"The question now is whether that stabilizes place cells in rats. That is the thing. What is memory? It is basically the movies that you make with your eyes, ears etc. Your recording of your personal experience. The fact that the animal did not make place cells by observation alone when there was no observation alone. What to do there?"

"That is why we came up the experience in our research experiment," Kentros said. 

Ultimately, wild rats' navigational abilities — and their understanding of how to navigate sewers and urban pathways — is not well understood by current behavioral researchers, according to Michael H. Parsons, a rodent behavior expert, urban field ecologist and visiting research scholar at Fordham University in New York.

Rats on the move

Returning to the implications of the observer-demonstrator rat study, Kentros wants to study spatial cells in lab rats next. Spatial cells, Kentros said, constitute the "movie set" that typifies your life; he noted that the spatial cells are intimately connected to memory. "Can you not remember something without thinking of where it was?" he posed.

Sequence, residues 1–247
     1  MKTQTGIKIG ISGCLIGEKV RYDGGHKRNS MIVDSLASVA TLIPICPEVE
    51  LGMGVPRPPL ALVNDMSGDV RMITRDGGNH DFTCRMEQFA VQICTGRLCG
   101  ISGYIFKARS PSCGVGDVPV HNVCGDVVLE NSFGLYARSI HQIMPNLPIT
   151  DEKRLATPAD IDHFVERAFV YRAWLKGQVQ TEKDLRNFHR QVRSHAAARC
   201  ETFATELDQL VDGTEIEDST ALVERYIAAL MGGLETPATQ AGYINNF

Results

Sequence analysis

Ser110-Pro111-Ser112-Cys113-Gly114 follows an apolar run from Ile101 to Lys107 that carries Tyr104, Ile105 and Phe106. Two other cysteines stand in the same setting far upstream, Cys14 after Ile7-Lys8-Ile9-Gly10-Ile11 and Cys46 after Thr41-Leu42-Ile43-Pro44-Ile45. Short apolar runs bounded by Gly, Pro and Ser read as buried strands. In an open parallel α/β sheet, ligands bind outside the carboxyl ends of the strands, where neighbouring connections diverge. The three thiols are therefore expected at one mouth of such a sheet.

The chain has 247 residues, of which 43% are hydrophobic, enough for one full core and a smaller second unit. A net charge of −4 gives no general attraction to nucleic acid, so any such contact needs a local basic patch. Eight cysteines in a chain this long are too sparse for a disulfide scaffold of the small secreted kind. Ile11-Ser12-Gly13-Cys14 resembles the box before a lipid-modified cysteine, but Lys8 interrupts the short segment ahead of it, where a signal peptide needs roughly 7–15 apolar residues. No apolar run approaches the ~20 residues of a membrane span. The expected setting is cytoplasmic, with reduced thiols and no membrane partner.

The real surprising implication of the study is how similar we are to rats.

"What this experiment shows us is exactly how much like rats we really are," Kentros says. "This fact that they are so much like us is why we need to [study] them to get after these really complex, really tragic, brain diseases in humans."

By Pamela Appea

Pamela Appea is a New York City-based independent journalist covering health, science and intersectionality. Appea is a 2022 Age Boom Fellow, a program of the Robert N. Butler Columbia Aging Center and the Columbia School of Journalism. She has written for Salon, Glamour, Parents, Wired and other publications. She is currently working on a nonfiction book on gender-based health disparities. Follow her on Twitter at @pamelawritesnyc

MORE FROM Pamela Appea

Related Topics ------------------------------------------

Animal Navigation Neurology Rats Reporting Research